Emergency responders, health care workers, and others providing essential services have been stretched thin by working longer hours than usual, working more shifts, and less time to sleep and recharge. This group is especially vulnerable to the physical effects of COVID fatigue. Remote workers, in contrast, often deal with isolation, monotony, new challenges creating their own work spaces or adapting to office equipment and technology at home, and balancing work/life schedules.
Things you can do at work:
- Stay healthy through set eating routines, practicing mindfulness activities, and taking quick walks outside during the day.
- Learn to notice the signs and symptoms of fatigue (such as yawning, difficulty keeping eyes open, inability to concentrate) in yourself and your employees, and take steps to reduce these problems.
- Use a buddy system while you’re at work. Check in with each other to ensure everyone is coping with work hours and demands.
- Find out if your employer has a formal program to help you manage fatigue on the job. Read about the program and ask questions, so that you fully understand your employer’s policies and procedures for helping employees manage fatigue.
- Do not work if your fatigue threatens the safety of yourself or others. Report to a manager if you feel too tired to work safely.
- Recognize that you are in stressful and unusual circumstances and that you may need more sleep or time to recover.
- Set priorities by choosing what must get done today and what can wait. Goals may vary by changes in schedules and routines, so learning to adapt to rapid changes is a good coping tool. Recognize your accomplishments at the end of each day.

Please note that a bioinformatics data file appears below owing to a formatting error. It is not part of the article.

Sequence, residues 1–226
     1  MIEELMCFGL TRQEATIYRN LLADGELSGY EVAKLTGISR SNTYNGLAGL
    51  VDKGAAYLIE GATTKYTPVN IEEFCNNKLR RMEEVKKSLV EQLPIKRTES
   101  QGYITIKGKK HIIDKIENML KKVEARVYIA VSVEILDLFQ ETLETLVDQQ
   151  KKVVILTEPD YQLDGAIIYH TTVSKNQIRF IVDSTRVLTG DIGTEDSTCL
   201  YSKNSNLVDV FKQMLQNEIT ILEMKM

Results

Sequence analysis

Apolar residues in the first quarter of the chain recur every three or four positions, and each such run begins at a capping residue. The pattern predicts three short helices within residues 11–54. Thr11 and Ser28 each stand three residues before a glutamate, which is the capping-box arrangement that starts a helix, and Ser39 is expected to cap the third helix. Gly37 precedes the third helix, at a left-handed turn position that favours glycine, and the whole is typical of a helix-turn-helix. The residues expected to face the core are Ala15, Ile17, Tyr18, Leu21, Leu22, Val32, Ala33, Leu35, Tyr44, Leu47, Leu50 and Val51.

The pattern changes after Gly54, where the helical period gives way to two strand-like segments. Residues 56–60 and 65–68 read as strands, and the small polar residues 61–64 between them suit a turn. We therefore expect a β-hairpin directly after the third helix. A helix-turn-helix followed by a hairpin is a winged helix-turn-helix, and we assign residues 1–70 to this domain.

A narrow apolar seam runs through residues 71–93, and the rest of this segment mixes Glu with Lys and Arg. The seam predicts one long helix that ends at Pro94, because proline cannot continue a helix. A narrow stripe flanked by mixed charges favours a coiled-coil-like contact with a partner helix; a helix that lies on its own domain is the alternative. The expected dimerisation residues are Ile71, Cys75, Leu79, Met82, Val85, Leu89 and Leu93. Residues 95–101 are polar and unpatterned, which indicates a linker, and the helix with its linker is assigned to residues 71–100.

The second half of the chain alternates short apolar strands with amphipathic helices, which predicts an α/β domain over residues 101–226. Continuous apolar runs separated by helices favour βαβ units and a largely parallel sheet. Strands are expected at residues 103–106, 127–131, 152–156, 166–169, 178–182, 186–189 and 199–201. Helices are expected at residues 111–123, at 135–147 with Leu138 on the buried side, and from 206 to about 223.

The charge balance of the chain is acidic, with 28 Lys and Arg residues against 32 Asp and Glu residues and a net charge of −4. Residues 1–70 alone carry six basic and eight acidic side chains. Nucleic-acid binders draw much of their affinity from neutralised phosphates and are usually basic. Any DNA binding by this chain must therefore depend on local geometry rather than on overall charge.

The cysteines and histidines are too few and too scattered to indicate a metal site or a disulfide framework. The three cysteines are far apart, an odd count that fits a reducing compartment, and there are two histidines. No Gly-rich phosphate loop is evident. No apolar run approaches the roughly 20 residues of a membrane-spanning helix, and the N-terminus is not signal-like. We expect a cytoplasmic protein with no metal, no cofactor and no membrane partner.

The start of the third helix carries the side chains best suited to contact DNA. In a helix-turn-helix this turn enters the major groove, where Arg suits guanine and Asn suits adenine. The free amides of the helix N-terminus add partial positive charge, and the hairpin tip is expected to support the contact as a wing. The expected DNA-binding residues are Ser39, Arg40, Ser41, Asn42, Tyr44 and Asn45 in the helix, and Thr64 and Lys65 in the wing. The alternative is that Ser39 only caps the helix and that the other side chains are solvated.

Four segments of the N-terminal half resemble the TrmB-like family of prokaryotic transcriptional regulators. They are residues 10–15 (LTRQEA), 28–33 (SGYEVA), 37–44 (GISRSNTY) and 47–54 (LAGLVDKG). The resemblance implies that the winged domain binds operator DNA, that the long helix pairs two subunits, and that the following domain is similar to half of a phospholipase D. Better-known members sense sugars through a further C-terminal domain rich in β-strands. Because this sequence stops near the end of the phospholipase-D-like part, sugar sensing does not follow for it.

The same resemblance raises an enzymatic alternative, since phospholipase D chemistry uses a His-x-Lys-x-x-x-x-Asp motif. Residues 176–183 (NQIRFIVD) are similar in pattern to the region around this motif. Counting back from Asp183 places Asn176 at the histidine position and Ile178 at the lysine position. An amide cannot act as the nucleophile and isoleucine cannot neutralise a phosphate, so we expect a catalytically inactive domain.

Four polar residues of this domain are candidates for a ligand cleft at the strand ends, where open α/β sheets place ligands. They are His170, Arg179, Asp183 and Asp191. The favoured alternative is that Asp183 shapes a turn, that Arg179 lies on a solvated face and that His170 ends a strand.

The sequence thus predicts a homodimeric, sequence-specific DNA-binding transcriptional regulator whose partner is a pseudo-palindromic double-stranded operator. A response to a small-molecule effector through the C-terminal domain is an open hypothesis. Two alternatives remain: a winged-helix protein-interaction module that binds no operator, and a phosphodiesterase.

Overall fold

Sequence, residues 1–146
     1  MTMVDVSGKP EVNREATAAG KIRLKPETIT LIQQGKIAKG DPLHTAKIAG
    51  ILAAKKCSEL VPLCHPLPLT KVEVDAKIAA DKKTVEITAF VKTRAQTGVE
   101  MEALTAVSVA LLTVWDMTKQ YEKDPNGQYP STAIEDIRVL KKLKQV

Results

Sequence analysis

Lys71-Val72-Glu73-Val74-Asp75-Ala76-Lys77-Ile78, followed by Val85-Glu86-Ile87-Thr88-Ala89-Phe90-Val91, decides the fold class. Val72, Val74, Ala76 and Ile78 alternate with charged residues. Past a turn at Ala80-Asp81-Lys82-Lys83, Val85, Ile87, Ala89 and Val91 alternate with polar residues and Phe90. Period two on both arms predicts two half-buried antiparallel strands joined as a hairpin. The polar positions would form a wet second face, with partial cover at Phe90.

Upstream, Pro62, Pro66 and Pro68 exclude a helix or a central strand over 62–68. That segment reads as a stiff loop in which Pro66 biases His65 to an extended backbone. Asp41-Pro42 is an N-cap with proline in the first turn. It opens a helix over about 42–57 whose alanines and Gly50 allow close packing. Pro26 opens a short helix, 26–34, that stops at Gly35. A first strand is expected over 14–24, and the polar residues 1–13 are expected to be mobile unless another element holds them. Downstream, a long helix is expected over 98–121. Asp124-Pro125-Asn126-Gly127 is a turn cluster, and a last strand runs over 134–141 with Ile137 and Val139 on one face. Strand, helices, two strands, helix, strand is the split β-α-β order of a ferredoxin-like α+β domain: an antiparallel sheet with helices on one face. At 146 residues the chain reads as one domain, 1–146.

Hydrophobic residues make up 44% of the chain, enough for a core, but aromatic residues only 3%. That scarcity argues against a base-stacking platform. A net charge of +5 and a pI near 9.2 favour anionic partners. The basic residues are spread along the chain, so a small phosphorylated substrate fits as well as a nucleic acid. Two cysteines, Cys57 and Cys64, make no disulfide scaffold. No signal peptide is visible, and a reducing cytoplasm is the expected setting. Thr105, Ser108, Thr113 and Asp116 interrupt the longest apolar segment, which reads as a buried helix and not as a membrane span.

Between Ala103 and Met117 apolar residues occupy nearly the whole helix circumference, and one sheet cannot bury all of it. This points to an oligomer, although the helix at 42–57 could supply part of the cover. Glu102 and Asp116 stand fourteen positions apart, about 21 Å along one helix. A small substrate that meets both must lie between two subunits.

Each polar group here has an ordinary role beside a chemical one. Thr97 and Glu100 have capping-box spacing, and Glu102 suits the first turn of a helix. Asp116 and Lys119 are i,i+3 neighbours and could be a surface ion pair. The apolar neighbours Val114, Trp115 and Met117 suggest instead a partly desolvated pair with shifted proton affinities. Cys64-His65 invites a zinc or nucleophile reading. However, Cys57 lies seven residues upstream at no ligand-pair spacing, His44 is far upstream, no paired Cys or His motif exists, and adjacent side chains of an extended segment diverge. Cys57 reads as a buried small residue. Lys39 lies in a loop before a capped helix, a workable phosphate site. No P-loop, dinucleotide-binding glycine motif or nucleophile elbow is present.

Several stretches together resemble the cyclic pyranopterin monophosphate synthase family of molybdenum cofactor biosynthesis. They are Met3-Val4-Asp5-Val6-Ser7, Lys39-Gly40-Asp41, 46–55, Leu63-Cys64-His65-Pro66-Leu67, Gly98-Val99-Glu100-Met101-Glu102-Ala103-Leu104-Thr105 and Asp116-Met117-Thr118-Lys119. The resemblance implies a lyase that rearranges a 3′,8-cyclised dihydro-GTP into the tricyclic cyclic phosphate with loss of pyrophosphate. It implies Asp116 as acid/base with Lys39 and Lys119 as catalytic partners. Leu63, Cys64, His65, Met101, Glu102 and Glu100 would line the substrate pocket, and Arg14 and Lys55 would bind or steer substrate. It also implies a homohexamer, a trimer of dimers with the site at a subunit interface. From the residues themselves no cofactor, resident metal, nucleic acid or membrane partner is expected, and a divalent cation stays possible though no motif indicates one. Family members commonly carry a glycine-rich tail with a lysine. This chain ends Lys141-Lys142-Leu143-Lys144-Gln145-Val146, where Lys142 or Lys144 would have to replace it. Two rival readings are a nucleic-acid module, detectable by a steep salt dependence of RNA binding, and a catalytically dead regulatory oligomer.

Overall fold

- Create specific and separate spaces for where you work and live. Try not to overlap, if possible.
- Set time limits for how long you work in a specific place in the house or on a certain task.
Children and Family
Children and teens react, in part, to what they see from the adults around them. When parents and caregivers deal with the COVID-19 calmly and confidently, they can provide the best support for their children.
Things you can do to help children:
- Watch for behavior changes in your child, such as excessive crying or irritation in younger children, irritability and “acting out” behaviors in teens, poor school performance or avoiding school, and difficulties with attention and concentration.
- Answer questions and share facts about COVID-19 in a way that your child can understand. Let them know that it’s okay if they feel upset.
- Limit your family’s exposure to news coverage of the pandemic, including social media. Children may misinterpret what they hear and can be frightened by things they do not understand.
- Try to keep up with regular routines. If schools are closed, create a schedule for learning activities and relaxing or fun activities.
- Be a role model. Share with children how you deal with your own stress, so that they can learn from you. Let them see how you take breaks, get plenty of sleep, eat well, and connect with your friends and family members.
- Spend time with your child doing meaningful activities, reading together, exercising, playing, etc.
Click here for more information from UAB Medicine COVID-19, along with links to other health care information sources.
• National Institutes of Health Mental Health Information